Ontario Passes Budget That Protects What Matters Most
Restores accountability, protects frontline services and reduces burdens on families and businesses
TORONTO — Ontario's Government for the People has taken important steps in providing relief for families and businesses while charting a path to a balanced budget and protecting critical public services such as health care and education — without introducing any new taxes.
With the passage of Bill 100, the Protecting What Matters Most Act (Budget Measures), 2019, the government is implementing signature initiatives outlined in the 2019 Ontario Budget including:
- Creating the new Ontario Childcare Access and Relief from Expenses (CARE) tax credit — one of the most flexible child care initiatives ever introduced in Ontario. It is a plan that puts parents, not the government, at the centre of the child care decision-making process.
- Empowering municipalities to make rules about where alcohol can be consumed in public spaces, such as parks, and retroactively pausing a wine tax increase that was scheduled for April 1, 2019, leaving more money in the pockets of consumers.
- Introducing the Premier and Minister's Accountability Guarantee, which would require both the Premier and the Minister of Finance to give up 10 per cent of their premier and ministerial salaries for failing to make public financial and economic reports by the legislated deadline.
- Providing tax relief for families when they need it the most, as the death of a loved one is a difficult time. Effective January 1, 2020, the Estate Administration Tax would be eliminated for taxable estates with assets of $50,000 or less and would be reduced by $250 for larger taxable estates.
- Making the auto insurance experience simpler for consumers by facilitating the use of electronic communications and electronic commerce by insurance companies in doing business with their customers.
- Requiring Ontario to prepare an annual debt burden reduction strategy to responsibly manage its debt, which is the largest of any sub-national jurisdiction in the world, while maintaining the high-quality services that people expect and deserve - both now and for future generations.
- Advancing a Digital First strategy that will deliver simpler, faster and better services across Ontario by eliminating outdated processes and lowering administrative burdens and costs.
- Implementing a transparency measure at the gas pump that will make clear the true cost of the job-killing federal carbon tax on Ontario drivers, families and businesses.
- Protecting titles for financial planners and financial advisors in Ontario by introducing a new framework for the financial services industry to require that individuals using the financial planner and financial advisor titles have an appropriate credential.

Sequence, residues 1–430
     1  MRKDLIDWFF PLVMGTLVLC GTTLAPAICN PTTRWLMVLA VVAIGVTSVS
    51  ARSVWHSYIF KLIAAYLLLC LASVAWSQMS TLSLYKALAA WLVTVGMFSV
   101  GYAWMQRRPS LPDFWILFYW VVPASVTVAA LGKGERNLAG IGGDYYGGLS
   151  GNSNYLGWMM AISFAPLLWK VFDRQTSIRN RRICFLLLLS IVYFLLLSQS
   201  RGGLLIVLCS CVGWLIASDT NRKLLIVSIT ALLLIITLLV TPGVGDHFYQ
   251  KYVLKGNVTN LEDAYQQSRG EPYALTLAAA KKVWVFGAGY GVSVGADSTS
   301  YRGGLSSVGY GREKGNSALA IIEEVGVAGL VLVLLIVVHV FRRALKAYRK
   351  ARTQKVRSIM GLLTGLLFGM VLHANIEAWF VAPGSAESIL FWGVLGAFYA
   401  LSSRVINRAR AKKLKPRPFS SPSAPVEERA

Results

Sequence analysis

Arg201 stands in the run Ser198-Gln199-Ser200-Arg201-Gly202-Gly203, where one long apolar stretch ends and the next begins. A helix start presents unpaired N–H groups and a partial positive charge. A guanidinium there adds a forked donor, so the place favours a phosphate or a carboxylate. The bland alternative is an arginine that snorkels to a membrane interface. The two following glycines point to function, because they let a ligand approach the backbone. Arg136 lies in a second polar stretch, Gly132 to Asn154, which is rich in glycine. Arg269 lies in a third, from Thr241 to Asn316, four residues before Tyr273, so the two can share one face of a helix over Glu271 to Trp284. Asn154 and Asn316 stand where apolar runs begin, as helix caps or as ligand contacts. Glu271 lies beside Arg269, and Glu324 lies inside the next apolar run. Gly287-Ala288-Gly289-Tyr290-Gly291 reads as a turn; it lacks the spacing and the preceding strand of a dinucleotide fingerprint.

- The CARE tax credit will provide about 300,000 families with up to 75 per cent of their eligible child care expenses and allow families to access a broad range of child care options, including care in centres, homes and camps. It builds on Ontario’s commitment to help low-income workers through the Low-income Individuals and Families Tax (LIFT) Credit, which provides low-income workers, including those making minimum wage, with up to $850 ($1,700 for couples) in tax relief.
- In addition to these legislative measures, the government is creating 15,000 new long-term care beds over the next five years and upgrading 15,000 older long-term care beds, introducing a new dental program for low-income seniors who lack benefits, and investing an additional $384 million in hospitals and an additional $267 million in home and community care.
- The government is also lowering tuition rates by 10 per cent for students at every publicly funded college and university starting in 2019–20 and creating more opportunities for Indigenous people and addressing the North’s skilled labour shortage with a new Northern Ontario Internship Program.
- The Province is making the single largest capital contribution to new subway builds and extensions in Ontario’s history by committing $11.2 billion of the total estimated $28.5 billion cost to support four rapid transit projects in the Greater Toronto Area. The government is also improving service through the largest increase in GO Transit rail service in five years, including more trips per day, introducing route expansion and looking at the feasibility of providing flexible food and beverage services across the GO Transit rail network.